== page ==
Mussolini remained a great supporter of the sociologists until the break of the First World War. Initially he and the other sociologists were against Italy’s participation in the war. He wrote a column declaring that should remain neutral. However, after being influenced by some of the Italians in the Diaspora and guided by his self-interest he changed his stand to support the war, as it would give him and the Italians a sense of power in other countries. He therefore went against the stand of the socialists to support the war. He quit being a socialist and became a revolutionist. He openly criticized the Italian socialist party and their agendas. He openly supported Italy’s participation in the war arguing that it gave the nation an identity. He then joined the Italian army and entered the First World War as way to show his commitment to the new ideologies. In the war, he was injured and almost died after a grenade attack. He was promoted to the rank of corporal but this was short lived as he got another injury that made him get back to his writing job. After the First World War, Mussolini was a well-established politician who was influential among the people.
One of the most amazing things about Mussolini was his charisma. Mussolini was a person that could influence the masses easily. Despite the fact that he missed out a lot since he was not from a well-known family Mussolini integrated well with the people around him. He was able to work his way out of many issues because of his charisma. While he was in the socialists group, he effectively fought the many challenges he faced. When he landed in Switzerland he was able to work his way to the helm of the socialists in the country. despite the fact that he was jobless he still was able to associate with the educated people who shared various ideas and philosophies that proved useful in his later years. Mussolini was fearless and determined to succeed in whatever he did this is evident with the way he survived the arrests while still in the sociologists and continued with his activities.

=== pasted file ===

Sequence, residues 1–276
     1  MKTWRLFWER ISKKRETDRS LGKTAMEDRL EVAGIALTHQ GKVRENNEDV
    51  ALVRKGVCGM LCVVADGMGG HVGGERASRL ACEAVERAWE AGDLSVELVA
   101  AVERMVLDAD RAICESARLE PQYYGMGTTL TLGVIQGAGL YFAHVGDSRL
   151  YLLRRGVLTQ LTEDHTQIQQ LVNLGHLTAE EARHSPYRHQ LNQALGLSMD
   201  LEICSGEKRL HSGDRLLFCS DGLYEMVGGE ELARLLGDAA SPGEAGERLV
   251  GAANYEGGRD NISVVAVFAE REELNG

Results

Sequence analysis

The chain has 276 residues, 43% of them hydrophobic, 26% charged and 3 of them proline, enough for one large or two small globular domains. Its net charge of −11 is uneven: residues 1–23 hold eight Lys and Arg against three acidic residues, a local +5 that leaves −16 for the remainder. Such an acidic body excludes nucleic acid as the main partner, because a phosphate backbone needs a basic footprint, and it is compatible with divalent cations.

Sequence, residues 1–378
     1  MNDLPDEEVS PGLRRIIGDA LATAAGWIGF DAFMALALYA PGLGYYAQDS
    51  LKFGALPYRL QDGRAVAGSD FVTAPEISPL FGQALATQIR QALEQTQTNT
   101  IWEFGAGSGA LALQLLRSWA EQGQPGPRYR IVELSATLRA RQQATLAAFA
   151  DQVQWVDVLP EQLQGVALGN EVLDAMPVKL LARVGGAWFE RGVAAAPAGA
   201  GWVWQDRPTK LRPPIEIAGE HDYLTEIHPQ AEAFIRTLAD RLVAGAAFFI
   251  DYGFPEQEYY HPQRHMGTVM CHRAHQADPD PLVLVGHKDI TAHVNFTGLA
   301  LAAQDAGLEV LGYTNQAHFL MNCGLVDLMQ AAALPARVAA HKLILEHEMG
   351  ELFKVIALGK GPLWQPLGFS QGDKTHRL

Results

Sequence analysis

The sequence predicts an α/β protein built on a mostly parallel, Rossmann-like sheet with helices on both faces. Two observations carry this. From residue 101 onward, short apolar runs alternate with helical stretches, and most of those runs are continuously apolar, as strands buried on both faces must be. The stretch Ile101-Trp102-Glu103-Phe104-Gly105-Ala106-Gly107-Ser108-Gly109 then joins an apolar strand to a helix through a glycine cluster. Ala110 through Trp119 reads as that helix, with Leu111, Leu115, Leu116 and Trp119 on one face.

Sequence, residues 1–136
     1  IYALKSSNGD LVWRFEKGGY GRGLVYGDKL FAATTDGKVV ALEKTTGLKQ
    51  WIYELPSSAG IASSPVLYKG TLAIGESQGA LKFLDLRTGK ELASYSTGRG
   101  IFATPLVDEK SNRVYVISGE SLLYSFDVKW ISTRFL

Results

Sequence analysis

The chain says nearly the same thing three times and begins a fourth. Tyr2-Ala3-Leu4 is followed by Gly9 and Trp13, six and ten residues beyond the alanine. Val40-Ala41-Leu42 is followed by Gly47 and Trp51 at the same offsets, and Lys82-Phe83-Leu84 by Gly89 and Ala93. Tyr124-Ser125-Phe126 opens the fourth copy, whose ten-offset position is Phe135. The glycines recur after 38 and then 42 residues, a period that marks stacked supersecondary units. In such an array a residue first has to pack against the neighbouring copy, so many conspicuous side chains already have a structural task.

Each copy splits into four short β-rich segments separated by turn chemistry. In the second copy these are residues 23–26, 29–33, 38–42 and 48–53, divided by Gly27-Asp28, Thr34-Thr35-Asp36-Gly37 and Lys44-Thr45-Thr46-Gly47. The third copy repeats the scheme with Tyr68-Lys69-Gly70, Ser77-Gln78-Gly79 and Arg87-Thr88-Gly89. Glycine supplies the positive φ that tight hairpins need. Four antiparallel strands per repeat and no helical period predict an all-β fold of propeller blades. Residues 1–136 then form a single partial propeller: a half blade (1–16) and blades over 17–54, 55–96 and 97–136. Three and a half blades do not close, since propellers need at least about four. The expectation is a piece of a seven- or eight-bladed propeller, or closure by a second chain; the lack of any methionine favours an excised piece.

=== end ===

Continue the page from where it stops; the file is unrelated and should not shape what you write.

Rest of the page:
His charisma is more evident after he exited the socialists. After he exited the socialists for his own gain, he joined the army in the war and was able to earn a promotion despite his little experience in the forces. He then quit the army and got into politics. He went against his former allies and supported the revolutionists instead of the socialists. One of his greatest achievements is his success in creating and enforcing fascism. He was able to campaign for fascism to gain support of the people despite the fact that fascism was a new idea to the majority of the people. Fascism ideology supported the unity of all people despite their social class. Mussolini was able to put together ideas from various philosophers and influential people to create a convincing policy that won the support of many of the Italians. In his policy, he advocated fort the need to strengthen the country in all aspects. He was against democracy and believed that the people should have served the nation in order to increase its power. He also advocated for a strong military power and an education system that would strengthen the military. He supported racism, which was welcomed by the majority in Italy. He successfully united the traditionalist and revolution views in fascism. He managed to gather enough support and manpower to overthrow the government because of his charisma.